• KevinM
  • Johnson

    My dad was in a POW camp and was given the task of cutting a loaf of bread into slices. These guys were always ravenous so you can imagine how they'd obsess over who got the 'biggest' slices. The system they came up with was the guy who cut the loaf was left with the last slice after the other guys had picked their slices. My dad got very good at cutting perfectly even slices!

  • Douglas2

    I regularly have to look over contract "riders" to verify that we've got (or can get) what it takes to do the show. And it is a regular task to phone up the road manager, lighting director, or sound mixer and say "we don't have X, but could rent it in if we must. But would you be happy with Y instead?" 9 out of 10 times they say yes. 10 out of 10 times they are appreciative of the call to ask about it ahead of time, rather than just assuming that an ETC Expression lighting console will be fine for the show even though they requested a Leprecon LPC48V.

    I've definitely noticed a trend towards including one surreal request in the detail section, such as the promoter must provide a particular toy at the mix position.

    I've learned that starting the conversation by asking "so what's the deal with the my-little-pony toy?" makes everything go smoothly from there on out.

  • mahtso

    This "technique" reminds me of what my dad once said about auditors who are satisfied if the numbers match to the penny, but don't bother to verify that the $ millions also match.

  • steve

    I forget the technical name for it. But, mahtso reminds me of another trick for auditors. Basically, low numbers occur much more frequently in many natural sequences then large numbers. Has something to do with the fact that 2 is twice as large as 1 but 3 is only half as large as 2 etc. Anyway the frequency of 1's in prospecteses should be something like %30. It's a good cheap way to catch frauds unless of course the fraud is aware of this then it is useless.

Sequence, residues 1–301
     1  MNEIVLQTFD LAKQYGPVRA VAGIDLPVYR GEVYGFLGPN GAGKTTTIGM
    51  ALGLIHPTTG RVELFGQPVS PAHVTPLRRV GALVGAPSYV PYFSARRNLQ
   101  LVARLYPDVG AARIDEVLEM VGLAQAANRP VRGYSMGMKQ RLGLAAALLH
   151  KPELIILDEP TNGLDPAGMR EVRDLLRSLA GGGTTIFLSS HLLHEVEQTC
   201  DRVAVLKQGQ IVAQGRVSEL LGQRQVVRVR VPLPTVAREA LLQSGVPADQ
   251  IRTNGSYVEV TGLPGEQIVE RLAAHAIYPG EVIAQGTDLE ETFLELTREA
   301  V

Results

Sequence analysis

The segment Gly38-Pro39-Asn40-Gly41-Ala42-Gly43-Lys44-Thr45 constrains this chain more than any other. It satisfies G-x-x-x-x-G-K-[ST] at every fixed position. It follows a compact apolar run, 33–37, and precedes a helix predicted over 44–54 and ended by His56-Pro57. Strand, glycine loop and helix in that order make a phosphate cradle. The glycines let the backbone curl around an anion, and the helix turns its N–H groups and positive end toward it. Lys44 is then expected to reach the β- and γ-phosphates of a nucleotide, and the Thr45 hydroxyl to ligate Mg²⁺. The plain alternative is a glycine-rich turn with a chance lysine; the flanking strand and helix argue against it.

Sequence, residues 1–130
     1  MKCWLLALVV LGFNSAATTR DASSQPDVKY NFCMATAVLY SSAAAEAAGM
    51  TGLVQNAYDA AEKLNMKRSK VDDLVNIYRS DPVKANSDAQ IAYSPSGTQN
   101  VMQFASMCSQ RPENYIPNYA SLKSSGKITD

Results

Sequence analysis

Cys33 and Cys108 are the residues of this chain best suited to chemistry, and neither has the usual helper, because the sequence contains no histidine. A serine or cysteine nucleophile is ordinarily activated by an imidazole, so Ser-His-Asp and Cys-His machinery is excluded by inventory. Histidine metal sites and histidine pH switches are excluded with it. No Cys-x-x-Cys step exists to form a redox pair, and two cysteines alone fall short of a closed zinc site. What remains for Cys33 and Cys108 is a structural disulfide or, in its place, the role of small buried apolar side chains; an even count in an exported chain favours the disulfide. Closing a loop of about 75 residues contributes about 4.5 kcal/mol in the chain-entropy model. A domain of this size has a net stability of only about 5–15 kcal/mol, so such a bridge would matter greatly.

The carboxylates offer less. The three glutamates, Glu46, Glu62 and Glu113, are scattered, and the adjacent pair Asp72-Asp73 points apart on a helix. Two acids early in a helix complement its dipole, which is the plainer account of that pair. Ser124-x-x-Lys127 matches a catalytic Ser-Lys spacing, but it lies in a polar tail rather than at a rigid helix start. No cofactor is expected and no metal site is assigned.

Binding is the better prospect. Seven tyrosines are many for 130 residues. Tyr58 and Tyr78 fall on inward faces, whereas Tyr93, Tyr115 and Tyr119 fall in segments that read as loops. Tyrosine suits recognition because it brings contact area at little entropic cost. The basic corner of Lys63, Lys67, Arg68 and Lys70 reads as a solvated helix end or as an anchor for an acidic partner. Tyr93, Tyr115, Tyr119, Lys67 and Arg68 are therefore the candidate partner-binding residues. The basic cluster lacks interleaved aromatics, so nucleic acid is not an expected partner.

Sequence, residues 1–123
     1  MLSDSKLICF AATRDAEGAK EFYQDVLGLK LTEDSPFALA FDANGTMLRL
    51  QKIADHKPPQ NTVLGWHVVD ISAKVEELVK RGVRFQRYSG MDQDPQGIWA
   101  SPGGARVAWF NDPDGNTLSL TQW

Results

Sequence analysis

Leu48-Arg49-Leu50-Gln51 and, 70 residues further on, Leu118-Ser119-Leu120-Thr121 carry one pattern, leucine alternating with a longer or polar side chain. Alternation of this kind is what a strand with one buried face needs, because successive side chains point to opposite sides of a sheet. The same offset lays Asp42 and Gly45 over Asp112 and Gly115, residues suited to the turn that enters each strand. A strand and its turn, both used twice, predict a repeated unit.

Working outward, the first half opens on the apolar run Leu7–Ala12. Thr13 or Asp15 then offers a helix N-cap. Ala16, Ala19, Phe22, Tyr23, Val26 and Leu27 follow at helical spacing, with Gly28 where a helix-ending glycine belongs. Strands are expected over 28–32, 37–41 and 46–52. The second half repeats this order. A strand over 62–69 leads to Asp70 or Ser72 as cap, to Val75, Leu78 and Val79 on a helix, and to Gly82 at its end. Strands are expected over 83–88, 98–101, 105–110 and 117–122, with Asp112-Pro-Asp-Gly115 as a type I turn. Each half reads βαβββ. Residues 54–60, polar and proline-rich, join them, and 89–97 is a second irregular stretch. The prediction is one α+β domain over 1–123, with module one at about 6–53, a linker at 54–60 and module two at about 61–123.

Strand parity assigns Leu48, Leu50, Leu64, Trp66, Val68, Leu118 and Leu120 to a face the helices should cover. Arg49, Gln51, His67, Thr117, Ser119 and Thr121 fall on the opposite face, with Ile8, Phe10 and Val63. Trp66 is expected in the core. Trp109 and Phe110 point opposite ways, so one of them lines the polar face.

• IGotBupkis, Three Time Winner of the Silver Sow Award

    >>> and run their own businesses.

    I would suspect that this is far more relevant than the "union" part of the equation. When your life's income rises and falls on doing the job right, then you're much more likely to do it right. This, of course, is the chief problem with unions -- as with any human organization, they make a serious effort to remove this element of risk from their members' lives.

    This tendency must be fervently resisted, of course.

  • tomw

    I wonder if the jar of brown M&M's was just packaged and shipped on to the next venue...
    OTOH, how much of the persnickety stuff is passed on to the next crew by word-of-mouth?
    "These guys always want a dozen 2-litre Dr. Pepper's chilled ... and don't try to substitute Mr Pibb, or there'll be trouble like you've never seen before..."
    IMO, the current job of unions is to protect members who would not measure up in the course of normal workdays, and be a single-point contact for large firms doing wage negotiations. As a by-product, they can sometimes extort more pay than a particular job is worth. On second thought, that may not be a by-product, but a standard feature.
    tom

  • Paul

    Video interview about it: http://vimeo.com/36615187